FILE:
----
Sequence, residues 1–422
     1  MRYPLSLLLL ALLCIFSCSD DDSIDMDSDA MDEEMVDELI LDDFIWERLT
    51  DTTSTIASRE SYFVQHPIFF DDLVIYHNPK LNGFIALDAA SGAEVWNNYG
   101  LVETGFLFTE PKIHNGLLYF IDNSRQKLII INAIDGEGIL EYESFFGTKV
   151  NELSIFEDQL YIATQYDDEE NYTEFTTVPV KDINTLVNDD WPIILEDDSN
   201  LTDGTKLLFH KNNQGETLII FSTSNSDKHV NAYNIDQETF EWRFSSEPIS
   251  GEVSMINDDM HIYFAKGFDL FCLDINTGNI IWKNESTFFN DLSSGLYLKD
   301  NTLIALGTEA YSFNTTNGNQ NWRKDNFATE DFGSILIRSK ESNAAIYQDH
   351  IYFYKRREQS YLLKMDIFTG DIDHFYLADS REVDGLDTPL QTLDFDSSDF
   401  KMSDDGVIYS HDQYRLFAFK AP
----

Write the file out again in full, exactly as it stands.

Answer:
Sequence, residues 1–422
     1  MRYPLSLLLL ALLCIFSCSD DDSIDMDSDA MDEEMVDELI LDDFIWERLT
    51  DTTSTIASRE SYFVQHPIFF DDLVIYHNPK LNGFIALDAA SGAEVWNNYG
   101  LVETGFLFTE PKIHNGLLYF IDNSRQKLII INAIDGEGIL EYESFFGTKV
   151  NELSIFEDQL YIATQYDDEE NYTEFTTVPV KDINTLVNDD WPIILEDDSN
   201  LTDGTKLLFH KNNQGETLII FSTSNSDKHV NAYNIDQETF EWRFSSEPIS
   251  GEVSMINDDM HIYFAKGFDL FCLDINTGNI IWKNESTFFN DLSSGLYLKD
   301  NTLIALGTEA YSFNTTNGNQ NWRKDNFATE DFGSILIRSK ESNAAIYQDH
   351  IYFYKRREQS YLLKMDIFTG DIDHFYLADS REVDGLDTPL QTLDFDSSDF
   401  KMSDDGVIYS HDQYRLFAFK AP